A successful design solution for the Eastgate lodge will depend upon the quality and identity of each of the parts outlined above. The integration or "choreography" of these parts into a successful whole, without compromising their functions or identities is the goal of this thesis. It is my assertion that if I am successful, the Eastgate Lodge will achieve the "sense of place" essential the success of the hotel, and will contribute to the "sense of place" essential to the success of the Beaver Creek Resort.
Design Theme *
As seen from a distance, the Village should be understated and uncomplicated, made up of simple forms and consistent roof lines. In contrast to this, the central pedestrian area of the Village should have an exciting vitality and broad individual expression.
In order to more clearly interpret the design theme for Beaver Creek architecture, three levels of perception, e.g. ways in which the community will be observed, have been identified, each with its own considerations.
* All material in this section is from the Beaver Creek Design Regulations booklet.
Perception Level I The Village within the Landscape
At a distance the Village is seen either from the mountain looking down, or from the entry road upon arrival. Due to vegetation masses, as well as site lines created by the terrain of the area, the roofs will become the dominant element at this level of perception. At this scale, the Village should be composed of simple understated forms with an overall consistency of material and color. Roofs shall be simple hip and gable forms. Variety should be a response to changes in topography and exterior spaces.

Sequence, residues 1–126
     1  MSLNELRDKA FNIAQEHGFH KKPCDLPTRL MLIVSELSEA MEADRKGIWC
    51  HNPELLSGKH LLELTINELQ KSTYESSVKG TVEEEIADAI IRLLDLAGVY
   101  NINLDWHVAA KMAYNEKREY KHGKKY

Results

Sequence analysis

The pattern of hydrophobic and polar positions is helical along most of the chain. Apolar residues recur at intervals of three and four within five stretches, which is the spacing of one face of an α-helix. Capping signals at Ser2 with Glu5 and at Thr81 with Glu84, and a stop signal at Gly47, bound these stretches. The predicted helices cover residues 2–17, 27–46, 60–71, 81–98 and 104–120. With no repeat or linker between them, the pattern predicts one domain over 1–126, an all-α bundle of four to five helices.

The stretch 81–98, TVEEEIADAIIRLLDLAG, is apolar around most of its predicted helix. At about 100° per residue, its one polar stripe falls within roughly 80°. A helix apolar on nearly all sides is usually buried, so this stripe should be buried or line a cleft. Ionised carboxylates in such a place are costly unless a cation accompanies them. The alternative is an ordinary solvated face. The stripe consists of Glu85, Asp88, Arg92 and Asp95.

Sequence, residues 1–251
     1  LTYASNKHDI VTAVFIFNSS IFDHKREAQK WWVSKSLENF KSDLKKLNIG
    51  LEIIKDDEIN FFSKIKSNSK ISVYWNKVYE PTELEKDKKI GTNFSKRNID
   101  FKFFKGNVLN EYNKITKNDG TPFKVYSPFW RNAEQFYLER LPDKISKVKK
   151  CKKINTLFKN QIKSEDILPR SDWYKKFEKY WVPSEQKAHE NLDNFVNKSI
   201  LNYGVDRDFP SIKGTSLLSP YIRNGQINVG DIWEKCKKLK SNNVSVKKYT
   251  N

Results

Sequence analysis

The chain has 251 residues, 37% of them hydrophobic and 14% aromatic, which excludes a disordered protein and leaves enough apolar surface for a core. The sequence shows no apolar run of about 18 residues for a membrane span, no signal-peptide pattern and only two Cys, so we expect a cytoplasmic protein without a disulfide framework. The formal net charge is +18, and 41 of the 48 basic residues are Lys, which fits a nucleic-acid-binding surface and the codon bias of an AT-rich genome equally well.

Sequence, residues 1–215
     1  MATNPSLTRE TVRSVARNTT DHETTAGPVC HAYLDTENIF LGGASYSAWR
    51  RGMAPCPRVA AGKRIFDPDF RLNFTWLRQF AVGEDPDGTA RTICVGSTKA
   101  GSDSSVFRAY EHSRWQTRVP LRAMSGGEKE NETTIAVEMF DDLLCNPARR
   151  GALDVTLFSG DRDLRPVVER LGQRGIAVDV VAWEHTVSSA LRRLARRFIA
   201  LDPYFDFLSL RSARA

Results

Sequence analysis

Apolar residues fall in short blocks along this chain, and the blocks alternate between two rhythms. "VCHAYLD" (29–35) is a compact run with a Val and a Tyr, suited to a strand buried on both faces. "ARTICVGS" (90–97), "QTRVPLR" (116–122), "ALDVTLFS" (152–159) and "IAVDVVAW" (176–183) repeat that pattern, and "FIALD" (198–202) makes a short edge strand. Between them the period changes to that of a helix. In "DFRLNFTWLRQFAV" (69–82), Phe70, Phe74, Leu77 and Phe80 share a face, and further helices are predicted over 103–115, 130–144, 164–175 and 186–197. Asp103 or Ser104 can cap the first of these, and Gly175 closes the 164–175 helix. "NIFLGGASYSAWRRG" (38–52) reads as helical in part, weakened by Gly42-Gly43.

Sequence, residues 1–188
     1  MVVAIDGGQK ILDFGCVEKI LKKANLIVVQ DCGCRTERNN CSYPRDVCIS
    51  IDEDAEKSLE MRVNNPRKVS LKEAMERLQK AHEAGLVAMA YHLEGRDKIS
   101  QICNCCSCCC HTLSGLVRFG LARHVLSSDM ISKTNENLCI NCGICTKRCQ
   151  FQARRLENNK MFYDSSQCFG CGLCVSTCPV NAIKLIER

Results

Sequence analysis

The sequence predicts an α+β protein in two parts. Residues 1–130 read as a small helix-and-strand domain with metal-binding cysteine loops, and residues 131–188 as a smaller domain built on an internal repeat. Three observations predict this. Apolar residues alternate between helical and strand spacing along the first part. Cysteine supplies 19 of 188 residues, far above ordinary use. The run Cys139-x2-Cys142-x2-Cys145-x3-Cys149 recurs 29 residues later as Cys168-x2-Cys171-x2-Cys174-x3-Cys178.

Materials and colors shall be relatively subdued with nonreflective surfaces.
The golf course from below and the ski slopes from above will tend to set the Village in the natural and open landscape. Aspen and spruce forests on the east and west will tend to fuse the edges of the Village into the landscape.
The buildings from the south should open to the sun and from the north be closed to cold exposures. This contrast is similar to the extreme variation of the natural landscape between north and south facing mountain slope environments.
Residential areas should blend structures and landscape, respecting natural land-forms and existing vegetation. The primary focus should be the Village with an intensity of structures contrasting with the low density and undeveloped areas surrounding it.
Perception Level II Building and Public Spaces
The second level of perception of the Beaver Creek Village will occur within the streets and public spaces of the project. At this level of perception the exterior walls become the dominant element, establishing the overall scale, and defining the public spaces and pedestrian circulation routes within the Village. It is important that the sequence of public streets, walls and plazas be continuous within the Village, enhanced by minor angular changes with an avoidance of rigid 90 patterns. The subtle changes within wall and street allignments will create interesting streets and walls with constantly changing frontages and points of focus.